The lonely, gothic hideaway sits on a high plateau over the canopy with commanding views of the picturesque mountains and glens. When I arrived, a herd of velvety, heavily antlered stags trod gently across the lawn, their limpid eyes the size of gobstoppers, fearless of the newcomers.

If you’re seeking a haven of seclusion and almost unearthly beauty, Alladale is your rugged paradise. It offers the opportunity to live like a Laird in this granite grandeur, going deer stalking, salmon fishing, clay pigeon shooting and exploring off-road in Land Rovers driven by knowledgeable ghillies, to return home and enjoy the comforts any ancestral aristocrat would expect.

After an energetic day in the invigorating air, a roaring log fire greets guests in the lounge where family photos beam from silver frames on the piano and Lister waits with a glass or two of something cheering before dinner.


Meals are cooked by a local from the village; not a cordon bleu chef, for this is not a tarted up fantasy castle like nearby Skibo (where Madonna married), but satisfying native cuisine. We ate venison stew and dumplings at a long refectory table, sharing our day’s adventures. It felt like a jolly house party, a home not a hotel; the Lodge has kept its integrity intact and mercifully resisted the temptation to glam up. ­­­­­Victorian prints line the walls, a gong summons us to meals and a life-sized faux black bear stands guard in a corner of the staircase. The Lodge is eco-friendly – hydro-powered from a nearby waterfall – and boasts seven ensuite bedrooms, a billiards room, conference room and gym, making it ideal for groups.

For those seeking even more solitude, there are two scenic self-catering stone bothies further up the valley at Eagles Crag and Ghillies Rest. Both have chic, contemporary interiors with pleasing rustic references such as ceiling chandeliers fashioned from antlers. Guests are gently rocked to sleep by the lullaby of running water in the brackeny burn. One diamond bright morning, after an evening of midnight sun, I walked on springy heather through the perfume of a pine forest, the hills decorated with blazing yellow gorse the colour of Van Gogh’s sunflowers, to Croick old Kirk. It was here in 1845 that more than two hundred crofters, brutally turned out of their homes, huddled in the churchyard before seeking sanctuary in the Americas. They scratched their names on the window panes, a sad farewell to their native heath, the only poignant legacy to show they had once lived here, now preserved as a reminder for all eternity of the injustice and of their tenancy on this land.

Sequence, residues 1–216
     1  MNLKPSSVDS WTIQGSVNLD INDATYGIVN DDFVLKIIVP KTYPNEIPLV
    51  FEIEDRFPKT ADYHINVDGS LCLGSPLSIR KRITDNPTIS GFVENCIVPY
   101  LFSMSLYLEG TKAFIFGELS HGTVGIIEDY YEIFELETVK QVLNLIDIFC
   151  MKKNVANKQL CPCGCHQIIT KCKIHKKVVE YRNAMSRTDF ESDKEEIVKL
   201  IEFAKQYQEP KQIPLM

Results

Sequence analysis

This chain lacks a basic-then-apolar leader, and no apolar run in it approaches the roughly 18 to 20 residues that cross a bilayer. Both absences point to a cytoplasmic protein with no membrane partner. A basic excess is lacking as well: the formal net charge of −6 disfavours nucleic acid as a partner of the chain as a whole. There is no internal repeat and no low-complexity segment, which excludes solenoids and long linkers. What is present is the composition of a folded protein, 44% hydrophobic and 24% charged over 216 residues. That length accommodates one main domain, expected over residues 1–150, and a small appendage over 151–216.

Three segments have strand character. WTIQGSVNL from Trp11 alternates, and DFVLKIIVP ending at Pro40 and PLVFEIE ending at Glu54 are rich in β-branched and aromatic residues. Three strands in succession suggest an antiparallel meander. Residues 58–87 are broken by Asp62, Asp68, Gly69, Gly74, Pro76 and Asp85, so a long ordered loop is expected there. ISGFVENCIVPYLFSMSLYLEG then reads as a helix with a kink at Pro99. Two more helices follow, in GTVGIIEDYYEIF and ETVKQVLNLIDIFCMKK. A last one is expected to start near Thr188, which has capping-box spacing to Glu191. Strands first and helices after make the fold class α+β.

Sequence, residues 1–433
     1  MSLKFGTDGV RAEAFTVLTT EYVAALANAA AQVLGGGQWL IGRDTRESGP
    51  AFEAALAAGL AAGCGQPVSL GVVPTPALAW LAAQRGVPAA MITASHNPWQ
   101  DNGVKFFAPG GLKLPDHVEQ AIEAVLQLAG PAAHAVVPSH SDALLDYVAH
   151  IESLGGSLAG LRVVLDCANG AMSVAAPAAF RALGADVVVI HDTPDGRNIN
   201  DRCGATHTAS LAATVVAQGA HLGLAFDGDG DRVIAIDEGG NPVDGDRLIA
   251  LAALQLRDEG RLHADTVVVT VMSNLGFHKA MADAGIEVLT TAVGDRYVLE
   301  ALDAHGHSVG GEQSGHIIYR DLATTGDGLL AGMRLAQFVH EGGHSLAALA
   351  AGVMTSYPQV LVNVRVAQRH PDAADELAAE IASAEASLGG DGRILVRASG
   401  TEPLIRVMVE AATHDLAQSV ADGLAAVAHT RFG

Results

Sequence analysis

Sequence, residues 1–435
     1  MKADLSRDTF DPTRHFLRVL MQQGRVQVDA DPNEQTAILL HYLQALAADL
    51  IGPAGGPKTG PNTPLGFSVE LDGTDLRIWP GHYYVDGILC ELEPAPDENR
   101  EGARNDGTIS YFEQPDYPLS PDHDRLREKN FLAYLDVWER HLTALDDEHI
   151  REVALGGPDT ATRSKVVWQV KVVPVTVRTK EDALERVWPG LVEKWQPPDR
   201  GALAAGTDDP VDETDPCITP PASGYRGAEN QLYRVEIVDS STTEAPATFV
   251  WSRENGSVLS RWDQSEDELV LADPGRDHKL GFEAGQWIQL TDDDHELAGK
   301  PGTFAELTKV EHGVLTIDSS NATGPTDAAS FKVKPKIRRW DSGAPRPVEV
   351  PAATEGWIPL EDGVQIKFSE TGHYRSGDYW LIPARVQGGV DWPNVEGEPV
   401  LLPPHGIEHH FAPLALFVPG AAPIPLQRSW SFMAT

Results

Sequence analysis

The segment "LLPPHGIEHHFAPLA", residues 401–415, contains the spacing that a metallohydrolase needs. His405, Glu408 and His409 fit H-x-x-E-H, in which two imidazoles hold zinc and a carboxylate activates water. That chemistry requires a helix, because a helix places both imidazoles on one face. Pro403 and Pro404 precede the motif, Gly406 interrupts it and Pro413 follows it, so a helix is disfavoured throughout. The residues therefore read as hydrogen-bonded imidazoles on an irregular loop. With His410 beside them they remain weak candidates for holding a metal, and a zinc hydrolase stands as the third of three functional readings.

In the distance is the peak of Bodach Mor, the only place in the UK where you can see both the Atlantic and the North Sea. There is a kind of poetry in this Celtic heaven, even in the mission to “re-wild” that brought Lister to Alladale. He inherited a £50m fortune when his family sold the MFI furniture chain and bows to the irony that one who benefited so handsomely from felled timber is now re-stocking the land. “It’s my way of giving back,” he says.

Lister accepts it will take 100 years for his saplings to become forests but is passionately convinced that one day those who come after him will experience a truly thrilling walk on the wild side – or even dance with wolves.


Need to know

EasyJet flights to Inverness from Gatwick leave twice daily from £40.40 one way.

Alladale Wilderness Reserve: The Main Lodge is available for exclusive use only. Sleeps 14 to seven double rooms – ideal for large family groups or corporate team building.

Call +44 (0)1863 755338 or send an email to From £10,500 week for exclusive use of the Lodge on a full board basis. Bookings for self-catered cottages Ghillie’s Rest and Eagles Crag from £1,275/£2,125 in low season.